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Coffins laid outside TfL office to represent cyclists killed on city's roads

Published 27/11/2015

Protesters gather around mock coffins during a 'die in' rally outside Transport for London's headquarters in London
Protesters gather around mock coffins during a 'die in' rally outside Transport for London's headquarters in London
Stop Killing Cyclists placed 21 coffins outside TfL's Blackfriars Road office to represent the 21 cyclists killed in London since November 2013

Cyclists stopped traffic and laid down in the road next to coffins outside Transport for London's (TfL) headquarters in a call for it to spend more money on cycling infrastructure in the capital.

Members of Stop Killing Cyclists blocked Blackfriars Road in south London for 15 minutes after placing 21 coffins outside the TfL office to represent the number of people killed riding bikes in the city since the action group formed in November 2013.

The group was launched after six cyclists were killed that month.

Nicola Branch, co-organiser of the No More Coffins event, said: "We want 10% of the TfL budget to be spent on cycling infrastructure. At the moment it is only 1.4% of their transport budget and that's nowhere near enough.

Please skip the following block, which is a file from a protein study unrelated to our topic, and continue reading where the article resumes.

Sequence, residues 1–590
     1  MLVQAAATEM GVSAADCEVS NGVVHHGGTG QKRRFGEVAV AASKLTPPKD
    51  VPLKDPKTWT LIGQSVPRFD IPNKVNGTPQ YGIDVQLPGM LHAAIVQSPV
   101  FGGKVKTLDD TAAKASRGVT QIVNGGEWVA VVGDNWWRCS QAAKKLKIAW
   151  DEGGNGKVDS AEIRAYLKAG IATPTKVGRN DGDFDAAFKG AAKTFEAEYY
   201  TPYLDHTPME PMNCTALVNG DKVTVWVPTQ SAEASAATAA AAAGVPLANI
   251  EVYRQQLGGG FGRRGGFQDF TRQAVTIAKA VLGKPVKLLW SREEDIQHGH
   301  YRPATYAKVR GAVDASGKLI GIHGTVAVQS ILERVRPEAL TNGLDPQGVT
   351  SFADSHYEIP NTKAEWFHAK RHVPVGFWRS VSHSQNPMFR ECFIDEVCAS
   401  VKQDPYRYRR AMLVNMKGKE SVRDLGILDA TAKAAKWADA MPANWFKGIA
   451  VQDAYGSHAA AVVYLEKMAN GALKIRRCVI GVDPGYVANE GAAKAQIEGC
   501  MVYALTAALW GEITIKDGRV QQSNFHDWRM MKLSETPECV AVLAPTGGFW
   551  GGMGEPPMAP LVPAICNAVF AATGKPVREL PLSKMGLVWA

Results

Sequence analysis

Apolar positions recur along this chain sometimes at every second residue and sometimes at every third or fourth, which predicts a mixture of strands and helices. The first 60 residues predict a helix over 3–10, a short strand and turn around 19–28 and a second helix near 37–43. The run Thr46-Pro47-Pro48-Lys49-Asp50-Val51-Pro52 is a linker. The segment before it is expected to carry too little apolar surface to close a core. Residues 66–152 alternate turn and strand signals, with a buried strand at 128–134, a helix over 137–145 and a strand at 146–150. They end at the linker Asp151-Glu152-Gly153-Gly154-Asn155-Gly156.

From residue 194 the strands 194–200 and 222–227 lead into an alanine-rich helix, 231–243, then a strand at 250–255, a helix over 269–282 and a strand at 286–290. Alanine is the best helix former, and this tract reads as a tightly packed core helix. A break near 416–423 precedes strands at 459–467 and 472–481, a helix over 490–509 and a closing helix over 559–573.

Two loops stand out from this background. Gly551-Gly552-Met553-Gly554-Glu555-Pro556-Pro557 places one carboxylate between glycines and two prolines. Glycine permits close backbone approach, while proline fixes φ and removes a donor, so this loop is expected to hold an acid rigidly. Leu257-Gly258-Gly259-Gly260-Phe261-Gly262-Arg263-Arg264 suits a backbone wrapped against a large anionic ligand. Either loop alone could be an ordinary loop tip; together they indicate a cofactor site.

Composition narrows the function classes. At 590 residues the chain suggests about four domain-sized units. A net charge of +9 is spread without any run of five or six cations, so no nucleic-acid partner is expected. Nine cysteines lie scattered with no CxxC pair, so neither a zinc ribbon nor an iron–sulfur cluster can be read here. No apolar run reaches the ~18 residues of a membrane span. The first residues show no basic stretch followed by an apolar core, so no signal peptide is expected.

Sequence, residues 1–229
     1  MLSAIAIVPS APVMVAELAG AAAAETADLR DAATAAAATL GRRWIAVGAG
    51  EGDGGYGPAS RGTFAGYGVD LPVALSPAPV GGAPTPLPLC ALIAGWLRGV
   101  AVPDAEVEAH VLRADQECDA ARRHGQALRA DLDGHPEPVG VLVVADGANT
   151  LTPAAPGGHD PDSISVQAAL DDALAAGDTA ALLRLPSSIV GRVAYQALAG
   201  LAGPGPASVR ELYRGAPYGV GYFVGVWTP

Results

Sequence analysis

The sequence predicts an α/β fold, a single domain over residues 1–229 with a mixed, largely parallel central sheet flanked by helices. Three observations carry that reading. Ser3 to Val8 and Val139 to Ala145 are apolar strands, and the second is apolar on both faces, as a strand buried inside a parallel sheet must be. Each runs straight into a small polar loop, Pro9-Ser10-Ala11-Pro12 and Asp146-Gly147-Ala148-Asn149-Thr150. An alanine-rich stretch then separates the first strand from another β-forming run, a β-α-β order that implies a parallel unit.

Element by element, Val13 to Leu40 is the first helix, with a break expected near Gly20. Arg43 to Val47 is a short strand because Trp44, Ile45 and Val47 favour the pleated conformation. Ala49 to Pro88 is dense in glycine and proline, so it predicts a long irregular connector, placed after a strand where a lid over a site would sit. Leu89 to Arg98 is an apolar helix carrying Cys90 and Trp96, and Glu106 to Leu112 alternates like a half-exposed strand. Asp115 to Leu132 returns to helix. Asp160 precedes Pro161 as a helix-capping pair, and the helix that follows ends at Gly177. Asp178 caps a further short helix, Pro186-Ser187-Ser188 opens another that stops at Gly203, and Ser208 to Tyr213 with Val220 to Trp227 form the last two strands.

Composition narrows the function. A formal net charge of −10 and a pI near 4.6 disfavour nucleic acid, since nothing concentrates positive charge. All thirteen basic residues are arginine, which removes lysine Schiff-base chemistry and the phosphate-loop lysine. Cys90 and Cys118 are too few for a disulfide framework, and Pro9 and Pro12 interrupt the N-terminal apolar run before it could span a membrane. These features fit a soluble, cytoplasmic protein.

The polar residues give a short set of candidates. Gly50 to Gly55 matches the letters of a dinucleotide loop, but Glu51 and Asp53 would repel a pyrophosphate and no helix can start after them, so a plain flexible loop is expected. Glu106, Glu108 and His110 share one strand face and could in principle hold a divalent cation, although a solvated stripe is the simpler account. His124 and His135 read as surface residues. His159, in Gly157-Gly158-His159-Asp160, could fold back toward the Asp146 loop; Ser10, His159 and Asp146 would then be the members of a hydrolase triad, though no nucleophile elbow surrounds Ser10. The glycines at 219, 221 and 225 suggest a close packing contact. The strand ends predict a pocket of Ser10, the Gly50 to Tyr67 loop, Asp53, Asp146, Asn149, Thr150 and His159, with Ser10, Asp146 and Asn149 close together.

"Even 10% is a fraction compared with cities like Copenhagen and Amsterdam.

"If you increase the amount of money that is spent on the cycling infrastructure that means that more people will cycle, that means that less people will use private cars.

"As cyclists we are the canary in the coalmine, you sort out the problem of cycling deaths first and then all the other deaths fall into place."

Next to the 21 coffins was a tombstone dedicated to an estimated 24,000 traffic-related deaths in the last three years from issues including pollution and physical inactivity.

At a rally before the protesters laid down, Scarlett Brady-Hughes, eight, poignantly read out the names of the 21 cyclists killed.

Speakers including cyclists who have been hit by HGVs on the capital's roads shared their stories.

Vicky Lebreck, 25, from London, had her leg amputated after her pelvis was crushed by a lorry in December last year, and she fought back tears as she shared her story.

Ms Lebreck said: "I don't think it should be a possible outcome that a mistake made by a driver means people cycling on London's roads should be dying or having dramatic injuries.

"What has happened to me is life-changing. I am trying to get my life together and get used to not being able to do the things I could before."

Eight cyclists have been killed on London's roads this year - six of them were women and seven involved HGVs.

The event was the third annual November protest staged by Stop Killing Cyclists.

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